• 48
    The threat of a new government tax on fat people (puplic health care option) is a motivation to me, I don't want to give the government any more than I already do. It was a motivational factor when I quit smoking 10 years ago. At that time, the taxes were outragous on cigarettes and I wasn't paying them. They were 1.85 per pack then - what are they now? - 1/24/2010   11:24:55 AM
  • 47
    In Canada children's sports/club fees are tax deductible but not adults -- to bad. It woulo not be a incentive for me if it was but it would be nice to get money back for working out, joining a sport, joining a weight loss program, etc. Would make sense to give money to keep people healthy instead of paying for our health care when we are sick and unhealthy.
    - 1/23/2010   11:06:13 PM
  • 46
    Didn't know much about this but thanks for posting this. - 1/23/2010   10:27:09 PM
  • 45
    I don't have anything that I could deduct but yes, financial incentives do make a BIG difference. I don't know about you but my medical insurance does not pay 100% and just to think that I can save money by not having to go to the doctor as often and being able to control my sugar and cholesterol levels by diet is a big motivator. Luckily, I have only been borderline and both can be controlled by food because I could not afford to be on monthly meds. - 1/23/2010   9:11:31 PM
    Financial incentives are as good as any incentive. Having a financial boost can help with one's stress level which is a part of overall health. - 1/23/2010   7:10:58 PM
    A lot of insurance companies will reimburse you for weight loss programs and other healthy activities. A former plan that I had would give you a certain amount of your gym membership back at the end of the year, if you attended regularly (which you tracked by calling from a designated phone at the gym each time you were there). My current plan will give each family up to $300 per year for things like weight loss and smoking sessation programs. Money can be very motivating, although that is not what is motivating me now! - 1/23/2010   6:28:55 PM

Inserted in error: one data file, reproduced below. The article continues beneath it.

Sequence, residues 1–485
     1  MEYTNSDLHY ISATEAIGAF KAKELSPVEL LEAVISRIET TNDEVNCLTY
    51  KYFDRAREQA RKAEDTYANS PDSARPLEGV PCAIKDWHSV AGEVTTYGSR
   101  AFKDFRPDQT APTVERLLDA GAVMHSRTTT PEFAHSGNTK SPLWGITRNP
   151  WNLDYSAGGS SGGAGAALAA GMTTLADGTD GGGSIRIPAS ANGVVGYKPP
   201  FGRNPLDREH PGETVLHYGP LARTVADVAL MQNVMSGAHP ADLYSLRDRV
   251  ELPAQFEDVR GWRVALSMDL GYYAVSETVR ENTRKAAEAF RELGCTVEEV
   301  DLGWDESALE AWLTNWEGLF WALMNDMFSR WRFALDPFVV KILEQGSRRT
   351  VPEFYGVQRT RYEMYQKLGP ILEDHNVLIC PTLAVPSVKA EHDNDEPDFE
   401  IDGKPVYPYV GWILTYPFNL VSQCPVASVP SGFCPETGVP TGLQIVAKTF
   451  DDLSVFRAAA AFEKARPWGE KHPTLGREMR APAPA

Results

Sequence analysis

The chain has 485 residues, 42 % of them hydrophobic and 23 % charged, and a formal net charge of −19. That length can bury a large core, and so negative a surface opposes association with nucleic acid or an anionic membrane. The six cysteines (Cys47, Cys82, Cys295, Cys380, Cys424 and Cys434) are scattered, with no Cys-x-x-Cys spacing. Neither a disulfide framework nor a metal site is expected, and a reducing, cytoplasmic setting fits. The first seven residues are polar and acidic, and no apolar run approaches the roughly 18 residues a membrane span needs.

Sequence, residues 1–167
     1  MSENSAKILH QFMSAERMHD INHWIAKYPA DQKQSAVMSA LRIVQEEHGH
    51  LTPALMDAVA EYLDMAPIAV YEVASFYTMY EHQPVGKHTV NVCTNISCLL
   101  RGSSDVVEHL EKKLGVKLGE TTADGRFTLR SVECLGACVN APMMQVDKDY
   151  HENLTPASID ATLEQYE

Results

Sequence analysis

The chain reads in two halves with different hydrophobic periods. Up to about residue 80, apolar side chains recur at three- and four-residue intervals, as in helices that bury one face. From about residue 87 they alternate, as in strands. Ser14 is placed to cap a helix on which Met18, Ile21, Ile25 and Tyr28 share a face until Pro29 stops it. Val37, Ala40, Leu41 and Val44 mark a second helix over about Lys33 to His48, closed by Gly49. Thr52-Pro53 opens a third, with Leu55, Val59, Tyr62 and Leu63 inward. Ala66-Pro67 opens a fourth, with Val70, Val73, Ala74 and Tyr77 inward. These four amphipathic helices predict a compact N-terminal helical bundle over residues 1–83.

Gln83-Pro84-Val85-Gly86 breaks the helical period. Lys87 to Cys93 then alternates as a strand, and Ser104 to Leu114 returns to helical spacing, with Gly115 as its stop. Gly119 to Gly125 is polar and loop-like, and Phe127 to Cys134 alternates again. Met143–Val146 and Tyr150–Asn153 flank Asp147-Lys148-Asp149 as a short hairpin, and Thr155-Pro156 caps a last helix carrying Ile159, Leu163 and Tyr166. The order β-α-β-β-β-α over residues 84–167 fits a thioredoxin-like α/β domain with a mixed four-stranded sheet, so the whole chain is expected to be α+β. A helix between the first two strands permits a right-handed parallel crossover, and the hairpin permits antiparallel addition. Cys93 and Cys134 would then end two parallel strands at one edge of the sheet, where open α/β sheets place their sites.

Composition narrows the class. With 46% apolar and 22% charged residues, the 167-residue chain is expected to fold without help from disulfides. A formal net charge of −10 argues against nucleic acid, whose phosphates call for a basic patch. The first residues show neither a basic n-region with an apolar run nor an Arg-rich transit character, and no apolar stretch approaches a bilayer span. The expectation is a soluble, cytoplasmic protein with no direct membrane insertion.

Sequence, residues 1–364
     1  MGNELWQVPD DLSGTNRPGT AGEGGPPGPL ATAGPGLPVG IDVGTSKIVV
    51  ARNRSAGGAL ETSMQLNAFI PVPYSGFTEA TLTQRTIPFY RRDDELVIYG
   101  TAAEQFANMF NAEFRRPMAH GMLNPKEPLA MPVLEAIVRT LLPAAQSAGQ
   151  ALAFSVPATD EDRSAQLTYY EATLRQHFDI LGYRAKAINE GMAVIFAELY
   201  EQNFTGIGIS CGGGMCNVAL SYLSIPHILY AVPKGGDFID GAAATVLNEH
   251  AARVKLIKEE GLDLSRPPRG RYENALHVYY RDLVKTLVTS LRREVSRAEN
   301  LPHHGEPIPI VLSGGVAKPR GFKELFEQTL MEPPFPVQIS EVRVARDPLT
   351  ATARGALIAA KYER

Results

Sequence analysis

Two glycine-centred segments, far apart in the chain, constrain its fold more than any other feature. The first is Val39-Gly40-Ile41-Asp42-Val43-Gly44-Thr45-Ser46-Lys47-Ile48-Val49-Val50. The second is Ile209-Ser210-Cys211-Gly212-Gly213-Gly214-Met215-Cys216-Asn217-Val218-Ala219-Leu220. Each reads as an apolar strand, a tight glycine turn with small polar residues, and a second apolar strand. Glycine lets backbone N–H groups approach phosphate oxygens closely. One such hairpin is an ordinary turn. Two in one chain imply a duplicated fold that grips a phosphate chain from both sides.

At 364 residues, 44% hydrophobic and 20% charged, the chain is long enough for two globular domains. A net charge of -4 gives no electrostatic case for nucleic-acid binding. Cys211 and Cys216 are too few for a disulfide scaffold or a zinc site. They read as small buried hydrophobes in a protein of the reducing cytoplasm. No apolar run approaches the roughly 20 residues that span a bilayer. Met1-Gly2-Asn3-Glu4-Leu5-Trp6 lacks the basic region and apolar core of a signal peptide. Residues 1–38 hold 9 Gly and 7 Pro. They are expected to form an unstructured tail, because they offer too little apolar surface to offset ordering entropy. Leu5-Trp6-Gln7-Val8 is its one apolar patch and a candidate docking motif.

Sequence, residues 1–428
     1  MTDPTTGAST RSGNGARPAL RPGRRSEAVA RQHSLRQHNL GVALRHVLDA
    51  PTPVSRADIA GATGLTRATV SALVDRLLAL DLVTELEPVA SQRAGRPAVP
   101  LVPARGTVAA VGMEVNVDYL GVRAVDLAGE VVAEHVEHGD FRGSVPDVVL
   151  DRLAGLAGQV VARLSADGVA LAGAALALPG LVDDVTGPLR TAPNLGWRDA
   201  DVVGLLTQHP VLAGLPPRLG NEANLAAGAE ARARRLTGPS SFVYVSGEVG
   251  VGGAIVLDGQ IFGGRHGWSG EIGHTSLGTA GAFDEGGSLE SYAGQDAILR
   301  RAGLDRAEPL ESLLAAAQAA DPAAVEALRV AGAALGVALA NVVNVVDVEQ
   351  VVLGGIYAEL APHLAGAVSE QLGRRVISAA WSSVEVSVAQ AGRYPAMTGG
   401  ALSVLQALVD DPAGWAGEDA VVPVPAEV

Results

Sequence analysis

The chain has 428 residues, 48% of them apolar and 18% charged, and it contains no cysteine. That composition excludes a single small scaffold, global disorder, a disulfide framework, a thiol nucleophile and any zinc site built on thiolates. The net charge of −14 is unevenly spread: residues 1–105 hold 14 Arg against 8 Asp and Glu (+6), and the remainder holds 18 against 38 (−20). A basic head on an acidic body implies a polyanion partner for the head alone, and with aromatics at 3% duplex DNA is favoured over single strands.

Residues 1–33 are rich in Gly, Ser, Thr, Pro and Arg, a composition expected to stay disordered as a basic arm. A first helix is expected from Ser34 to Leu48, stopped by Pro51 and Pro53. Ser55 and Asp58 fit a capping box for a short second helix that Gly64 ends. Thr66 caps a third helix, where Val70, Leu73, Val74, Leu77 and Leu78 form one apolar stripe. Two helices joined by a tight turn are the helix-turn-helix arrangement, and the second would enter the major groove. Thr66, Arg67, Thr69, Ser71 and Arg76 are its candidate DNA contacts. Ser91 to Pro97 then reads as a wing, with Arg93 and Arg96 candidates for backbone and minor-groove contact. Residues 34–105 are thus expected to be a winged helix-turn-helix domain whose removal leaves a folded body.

• 42
    I decided to start loosing weight because of a biggest looser program at work. This was last year. When it ended, ( and I won thanks to sparkpeople ), I stayed on track for a few months. Then I stopped all together. However, during the time I stopped, I started to feel tired and lazy all the time, and my asthma started to act up. So, that is what caused me to return. So, initially it was because of the money. But that taste of feeling great is what brought me back. When I came back I took off the 15 lbs I put back on and in total from when I started last year is 60 lbs lost. I still have a good 50 lbs to loose. I can do it, and the fact that everyday I feel better and better will keep me motivated and on track. - 1/23/2010   5:35:48 PM
  • 41
    I was excited that my company is doing a biggest loser competition.... unfortunately for me they aren't starting it until February, so I will already have lost some weight at that point :( but hey, weight lost is better than weight gained when you are my size~ - 1/23/2010   5:11:23 PM
  • 40
    We have had challenges at work which kick-started me back into working out. The past year has been a lot of ups and down healthwise. So I'm hoping 2010 will bring on more pluses than minuses. We have always added medical on our taxes but some years never had enough to get a break. Too bad there is not an exception to that percentage off based on income. WE could use a break in the tax department always. - 1/23/2010   4:02:16 PM
  • 39
    The company I work for has as part of its wellness program a health risk assessment, which pays employees for achieving healthy results in four key areas: BMI, BP, Cholesterol, and glucose. More important than the money is the fact that this program has identified previously undiagnosed serious medical conditions so that the employee could immediately seek medical help. The obvious company benefit is a reduction in medical costs and healthier employees. - 1/23/2010   1:05:40 PM
  • 38
    Money wouldn't motivate me one way or the other about weight loss, and I don't think competitions would, either--both are too short-term and too non-health-focused. I never have much money, but I've changed my food-spending habits a lot--not, alas, toward cheaper foods--but toward ones that are better value for my health--that's the only way weight-loss and money work for me.